« August 2003 | Main | October 2003 »

Must-link-to: ISSN and weblogs

Must-link-to: ISSN and weblogs More than a must-read, Joe Clark's Compatibility of Weblogs and ISSN is a must-link-to.

[via Jeffrey Zeldman Presents: The Daily Report]

September 26, 2003 in WebLog Publishing | Permalink | Comments (0)

Laundering on the iterative wash cycle.

AIRSIDE -- When you next use your word processing suite, are you really using the extra features that persuaded you to buy the new upgrade in the first place? Would you have accepted easier use over new features as a purchase decision? When was the last time a software maker said 'Buy this - it's easier to use than our last version'? Thought not.

We're all software junkies. Your addiction is part of their business model. We all wait in anticipation of the next 'fix' - the new release. And they have us by the short and curlies - they stop supporting older software!

The thought came to me as I was using an ancient copy of Office the other day - it integrated so well into my 'modern' desktop. The heavy revolutions of new releases were completely lost on this piece of software - to no detriment I might add.

Doyen of the usability police, Jakob Neilsen, calls for 'good software'. A better user experience - and bug fixes across all new releases before the addition of new features.

And what does make for good software? BFG's new intake of students will ponder this early in their course. For something that we deal with every day of our lives, a wild array of answers might be forthcoming - especially from IT professionals. To the uninitiated, a difficult front-end often obscures powerful software to the acolyte. The presence of contextual markers that strike for ease of interactivity - navigational waypoints by which users can refer - are often completely absent in new software releases and Open Source programs.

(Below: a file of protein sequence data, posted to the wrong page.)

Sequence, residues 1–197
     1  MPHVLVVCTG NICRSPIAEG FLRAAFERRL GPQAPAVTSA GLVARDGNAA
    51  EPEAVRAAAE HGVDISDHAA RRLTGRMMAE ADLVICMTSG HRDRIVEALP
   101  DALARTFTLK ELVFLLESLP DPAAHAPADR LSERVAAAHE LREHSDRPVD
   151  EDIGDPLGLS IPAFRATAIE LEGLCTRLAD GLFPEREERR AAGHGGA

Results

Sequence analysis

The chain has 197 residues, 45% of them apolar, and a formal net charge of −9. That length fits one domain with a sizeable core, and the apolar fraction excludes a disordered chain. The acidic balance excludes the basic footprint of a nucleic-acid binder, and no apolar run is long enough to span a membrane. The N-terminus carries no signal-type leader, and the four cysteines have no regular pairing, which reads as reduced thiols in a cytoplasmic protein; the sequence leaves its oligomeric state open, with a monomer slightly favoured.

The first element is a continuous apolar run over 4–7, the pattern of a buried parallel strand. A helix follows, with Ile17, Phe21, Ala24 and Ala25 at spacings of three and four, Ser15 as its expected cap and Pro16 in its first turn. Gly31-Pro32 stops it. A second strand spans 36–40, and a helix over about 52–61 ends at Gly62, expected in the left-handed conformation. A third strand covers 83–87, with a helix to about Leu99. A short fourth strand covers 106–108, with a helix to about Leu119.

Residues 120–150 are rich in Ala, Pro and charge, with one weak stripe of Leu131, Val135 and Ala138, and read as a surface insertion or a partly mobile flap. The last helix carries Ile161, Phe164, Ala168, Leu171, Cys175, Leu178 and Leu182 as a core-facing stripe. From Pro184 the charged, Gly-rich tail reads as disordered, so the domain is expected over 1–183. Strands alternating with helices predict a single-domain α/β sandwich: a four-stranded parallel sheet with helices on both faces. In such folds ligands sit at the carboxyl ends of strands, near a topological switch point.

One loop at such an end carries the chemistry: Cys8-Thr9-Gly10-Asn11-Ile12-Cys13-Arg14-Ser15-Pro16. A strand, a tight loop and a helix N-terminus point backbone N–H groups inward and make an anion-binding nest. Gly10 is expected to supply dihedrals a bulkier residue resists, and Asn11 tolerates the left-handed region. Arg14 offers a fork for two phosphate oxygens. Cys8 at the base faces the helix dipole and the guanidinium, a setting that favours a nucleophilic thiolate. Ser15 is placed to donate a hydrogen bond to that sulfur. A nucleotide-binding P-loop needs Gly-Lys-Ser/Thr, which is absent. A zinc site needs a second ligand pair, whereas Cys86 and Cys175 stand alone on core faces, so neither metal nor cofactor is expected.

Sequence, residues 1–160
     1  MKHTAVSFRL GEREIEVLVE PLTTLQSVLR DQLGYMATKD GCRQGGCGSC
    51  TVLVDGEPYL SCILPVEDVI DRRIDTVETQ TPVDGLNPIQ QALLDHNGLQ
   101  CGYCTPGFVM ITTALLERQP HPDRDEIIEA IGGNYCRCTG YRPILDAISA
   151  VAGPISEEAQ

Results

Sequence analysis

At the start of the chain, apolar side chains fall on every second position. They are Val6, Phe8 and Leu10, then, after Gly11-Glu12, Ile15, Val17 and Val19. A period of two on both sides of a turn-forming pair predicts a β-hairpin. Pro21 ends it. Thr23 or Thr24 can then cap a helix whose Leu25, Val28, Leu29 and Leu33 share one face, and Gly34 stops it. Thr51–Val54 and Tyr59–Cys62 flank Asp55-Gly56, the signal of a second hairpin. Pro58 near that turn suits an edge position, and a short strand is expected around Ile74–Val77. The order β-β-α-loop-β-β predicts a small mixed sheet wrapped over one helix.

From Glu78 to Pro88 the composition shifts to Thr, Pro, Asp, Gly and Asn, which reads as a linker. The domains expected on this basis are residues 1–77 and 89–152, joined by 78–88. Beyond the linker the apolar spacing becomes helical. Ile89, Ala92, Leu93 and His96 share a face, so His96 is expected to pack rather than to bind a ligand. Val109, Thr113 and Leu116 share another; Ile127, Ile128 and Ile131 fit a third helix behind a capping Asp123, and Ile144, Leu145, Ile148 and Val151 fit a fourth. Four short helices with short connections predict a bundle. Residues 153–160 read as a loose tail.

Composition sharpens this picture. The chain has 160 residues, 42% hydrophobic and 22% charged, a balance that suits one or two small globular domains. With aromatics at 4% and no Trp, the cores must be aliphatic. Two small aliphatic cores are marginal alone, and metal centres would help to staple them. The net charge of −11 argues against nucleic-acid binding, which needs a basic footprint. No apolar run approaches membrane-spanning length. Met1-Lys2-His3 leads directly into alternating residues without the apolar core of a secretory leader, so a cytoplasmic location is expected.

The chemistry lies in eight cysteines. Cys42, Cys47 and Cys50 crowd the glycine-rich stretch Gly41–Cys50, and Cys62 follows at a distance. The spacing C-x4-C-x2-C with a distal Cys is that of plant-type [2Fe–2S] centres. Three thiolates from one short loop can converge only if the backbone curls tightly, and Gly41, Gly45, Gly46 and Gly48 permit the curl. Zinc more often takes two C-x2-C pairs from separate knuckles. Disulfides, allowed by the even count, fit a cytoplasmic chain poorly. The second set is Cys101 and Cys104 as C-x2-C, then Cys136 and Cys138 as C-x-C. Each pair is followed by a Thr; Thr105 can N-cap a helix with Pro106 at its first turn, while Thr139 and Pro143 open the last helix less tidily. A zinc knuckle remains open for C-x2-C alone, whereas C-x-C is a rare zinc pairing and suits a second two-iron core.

A fundamental understanding of software and how people use it - interactivity - lends to better usability, and in turn - better software. The easiest and simplest user interfaces are notoriously difficult to design, made more so in complex software [read 3D]. To what extent is an intuitive interface the foundation for successful software, especially in a medium with which the user might have no previous experience?

Much front end design follows convention - a user expects to see 'save' under 'file'. But don't expect to see many tabbed palettes; UI real estate is rapidly being snapped up by the patent lawyers.

Of course software sells like soap powder - each iteration is new, improved, and hangs on a fashionable meme. No-one bothers to question what they have been sold the last five versions.

The truth is, like soap, all software does pretty much the same thing. New iterations usually seek to merge features from other bits of software as people change the way they work. A future version of Outlook, for example, might offer RSS aggregation and syndication, much the same as newsreaders allow you to do today. This time its centralised and sanitised for the corporate desk. 500 bucks please.

But the new features coming at you in the next release of your favourite program might be obtainable elsewhere. Anyone looking for true value for money [it's usually free] and a sharper edge to the way they work should look towards the Open Source movement.